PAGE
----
So much happened last weekend at AWP. So much. I can’t tell you it all. I didn’t see it all. I was there nonstop for three days and I only saw a tiny fraction of what went on. I’m talking, of course, about the Association of Writers and Writing Programs conference, that traveling show of writers, teachers and literary people that took over the Minneapolis Convention Center — as well as the Loft Literary Center, the Walker Art Museum, Central Library, and a whole lot of bars — for three days last week.
Some things I do know. Graywolf Press was named Small Press Publisher of the Year. Poet Claudia Rankine and novelist Marlon James cooked dinner for some people (not me) at James’ house. Essayist Roxane Gay was everywhere, delighting fans, sending her cult status soaring, without even trying. (There are now Roxane Gay for President bumper stickers available.) Poet laureate Rita Dove sang.
People won totebags. They played Bookfair Bingo. They played “Name That Author.” They picked up literary journals they had never heard of and pondered writing for them some day. They reunited with their MFA classes, even if they had just graduated last semester. They had a drink. Or two. They bought books. (Let’s say that again, slowly, with emphasis, because it’s important: They bought books.)
They listened, raptly, to T.C. Boyle and Jayne Anne Phillips and Carolyn Forché (“Carolyn Forché you wreck me” one person tweeted) and Cheryl Strayed and Karen Russell. There were so many prominent writers on panels and doing readings that nobody could keep track.
I stopped to chat with memoirist Rebecca McClanahan, who mentioned she had just been on a panel with Phillip Lopate, and the person next to me squealed, actually squealed: “Phillip Lopate is here?”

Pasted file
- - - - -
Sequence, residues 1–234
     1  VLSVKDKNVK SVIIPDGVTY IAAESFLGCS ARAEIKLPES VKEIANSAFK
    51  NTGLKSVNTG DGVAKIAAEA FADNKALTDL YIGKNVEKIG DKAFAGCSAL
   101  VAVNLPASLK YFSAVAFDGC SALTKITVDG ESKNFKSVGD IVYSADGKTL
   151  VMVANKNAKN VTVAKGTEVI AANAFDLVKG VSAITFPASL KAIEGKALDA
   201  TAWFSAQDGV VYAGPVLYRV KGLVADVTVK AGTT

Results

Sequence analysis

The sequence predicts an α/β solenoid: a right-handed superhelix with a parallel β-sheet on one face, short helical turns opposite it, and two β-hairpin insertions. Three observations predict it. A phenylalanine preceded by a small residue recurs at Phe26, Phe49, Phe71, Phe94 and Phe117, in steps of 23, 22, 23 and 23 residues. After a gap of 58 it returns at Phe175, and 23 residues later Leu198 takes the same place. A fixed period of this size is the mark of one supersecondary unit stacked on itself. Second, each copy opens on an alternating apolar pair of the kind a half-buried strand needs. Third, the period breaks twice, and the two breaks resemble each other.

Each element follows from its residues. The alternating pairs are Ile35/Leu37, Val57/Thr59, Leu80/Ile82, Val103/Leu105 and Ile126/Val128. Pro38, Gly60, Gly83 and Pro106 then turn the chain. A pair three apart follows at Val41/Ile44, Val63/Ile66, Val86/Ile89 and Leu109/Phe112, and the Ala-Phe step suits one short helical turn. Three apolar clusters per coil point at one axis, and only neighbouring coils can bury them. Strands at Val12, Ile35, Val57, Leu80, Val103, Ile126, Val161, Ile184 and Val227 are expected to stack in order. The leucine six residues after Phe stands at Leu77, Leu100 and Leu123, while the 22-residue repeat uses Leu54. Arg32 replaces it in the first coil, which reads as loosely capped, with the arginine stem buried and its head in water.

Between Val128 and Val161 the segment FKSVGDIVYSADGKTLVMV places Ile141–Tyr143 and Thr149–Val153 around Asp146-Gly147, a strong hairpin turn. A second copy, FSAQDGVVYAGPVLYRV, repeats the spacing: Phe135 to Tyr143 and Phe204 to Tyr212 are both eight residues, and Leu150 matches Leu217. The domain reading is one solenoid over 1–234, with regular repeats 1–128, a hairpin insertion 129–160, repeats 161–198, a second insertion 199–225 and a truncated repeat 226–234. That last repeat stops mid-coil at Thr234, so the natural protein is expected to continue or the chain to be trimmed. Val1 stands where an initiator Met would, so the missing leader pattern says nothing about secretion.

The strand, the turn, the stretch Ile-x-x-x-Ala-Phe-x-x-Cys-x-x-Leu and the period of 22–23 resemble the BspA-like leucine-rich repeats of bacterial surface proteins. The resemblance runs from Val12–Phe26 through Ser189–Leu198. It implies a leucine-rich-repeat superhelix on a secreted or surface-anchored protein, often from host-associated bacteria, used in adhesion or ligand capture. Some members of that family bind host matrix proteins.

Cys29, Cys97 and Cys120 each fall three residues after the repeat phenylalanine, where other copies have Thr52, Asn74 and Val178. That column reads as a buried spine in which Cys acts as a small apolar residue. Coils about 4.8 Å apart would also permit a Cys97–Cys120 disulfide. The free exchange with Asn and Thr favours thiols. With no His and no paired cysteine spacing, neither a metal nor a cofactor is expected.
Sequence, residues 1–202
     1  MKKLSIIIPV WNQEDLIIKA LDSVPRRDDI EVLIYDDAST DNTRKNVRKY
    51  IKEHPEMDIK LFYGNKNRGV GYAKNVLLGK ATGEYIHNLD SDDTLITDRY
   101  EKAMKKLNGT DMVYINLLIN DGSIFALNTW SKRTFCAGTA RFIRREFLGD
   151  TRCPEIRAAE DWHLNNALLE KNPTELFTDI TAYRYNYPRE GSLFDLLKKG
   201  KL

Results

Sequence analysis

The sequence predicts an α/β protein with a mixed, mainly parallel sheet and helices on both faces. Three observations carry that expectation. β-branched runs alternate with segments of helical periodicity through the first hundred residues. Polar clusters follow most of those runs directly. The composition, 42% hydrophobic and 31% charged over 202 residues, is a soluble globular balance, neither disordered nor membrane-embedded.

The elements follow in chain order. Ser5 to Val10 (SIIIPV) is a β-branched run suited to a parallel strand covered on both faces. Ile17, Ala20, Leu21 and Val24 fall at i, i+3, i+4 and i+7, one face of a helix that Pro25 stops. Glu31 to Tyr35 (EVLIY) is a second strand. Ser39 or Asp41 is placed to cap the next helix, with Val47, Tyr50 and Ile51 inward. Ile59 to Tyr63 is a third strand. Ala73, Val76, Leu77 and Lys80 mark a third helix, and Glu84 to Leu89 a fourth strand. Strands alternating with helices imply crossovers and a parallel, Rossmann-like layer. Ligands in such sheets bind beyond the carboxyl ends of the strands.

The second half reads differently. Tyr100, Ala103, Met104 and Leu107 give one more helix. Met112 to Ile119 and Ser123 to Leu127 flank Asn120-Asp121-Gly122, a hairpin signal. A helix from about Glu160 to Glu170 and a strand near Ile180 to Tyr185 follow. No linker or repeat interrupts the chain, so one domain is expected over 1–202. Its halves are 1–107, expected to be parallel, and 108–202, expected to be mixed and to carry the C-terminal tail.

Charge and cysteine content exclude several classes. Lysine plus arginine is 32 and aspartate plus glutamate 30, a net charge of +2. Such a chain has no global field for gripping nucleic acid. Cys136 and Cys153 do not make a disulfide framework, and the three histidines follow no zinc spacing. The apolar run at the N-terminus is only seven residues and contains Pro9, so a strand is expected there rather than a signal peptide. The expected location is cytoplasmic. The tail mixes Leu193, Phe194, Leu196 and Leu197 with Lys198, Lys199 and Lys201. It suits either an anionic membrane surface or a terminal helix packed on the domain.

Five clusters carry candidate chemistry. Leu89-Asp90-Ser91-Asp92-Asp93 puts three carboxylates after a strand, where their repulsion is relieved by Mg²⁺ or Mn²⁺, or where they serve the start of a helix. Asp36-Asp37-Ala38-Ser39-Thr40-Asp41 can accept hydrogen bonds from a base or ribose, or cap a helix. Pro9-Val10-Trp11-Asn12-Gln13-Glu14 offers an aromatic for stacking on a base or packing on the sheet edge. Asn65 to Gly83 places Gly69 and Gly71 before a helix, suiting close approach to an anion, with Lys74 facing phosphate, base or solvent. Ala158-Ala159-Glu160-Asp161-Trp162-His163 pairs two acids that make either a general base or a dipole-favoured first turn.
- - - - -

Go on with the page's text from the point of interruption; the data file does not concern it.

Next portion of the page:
Robert Bly was honored at a tribute that included other poets, music, singing, and a magician who made flames shoot from the pages of a book. And then Bly, 88, read, and it was he who wowed the room.
Some AV stuff didn’t work. Some presenters were delayed due to weather and others stepped up and took their place. Glitches were handled with aplomb.
Hundreds, thousands, maybe million of tweets were sent. Some of the tweets were displayed on the big screens at the Bookfair. People stood and stared at the screen and then lifted their phones to take pictures. Did they then tweet a picture of their tweet?
They took pictures of everything — writers, stacks of magazines, dinner, frosty delicious beers, the view from the stage, themselves.
It snowed. It rained. The sun came out. It snowed. The sun came out for good.
People wandered away from the Convention Center and took pictures of Spoonbridge and Cherry and the musical-note wall of the old Schmitt Music. They bought T-shirts and books from Birchbark Books. (But Louise! where was the owner, Louise Erdrich? Back at the Convention Center, on stage with Charles Baxter.)
Central Connecticut State University came out with its annual rating of most literate cities, and Minneapolis had moved back into first place. Tweets galore! “Perfect timing,” said one.
The final tally was close to 12,000 attendees — 11,800, said AWP executive director David Fenza, and he was happy with that. “Registration above 11,000 people is a great victory for us,” he said.
Baxter, who was there every day,on panels, in conversation, being honored, likes the excitement of AWP, which he notes is not just a convention of writers, but a convention of readers.
“That’s an important distinction,” he said. “And it’s a place where poetry is still discussed without apology, and where it is assumed that poetry is still a living force on our culture.”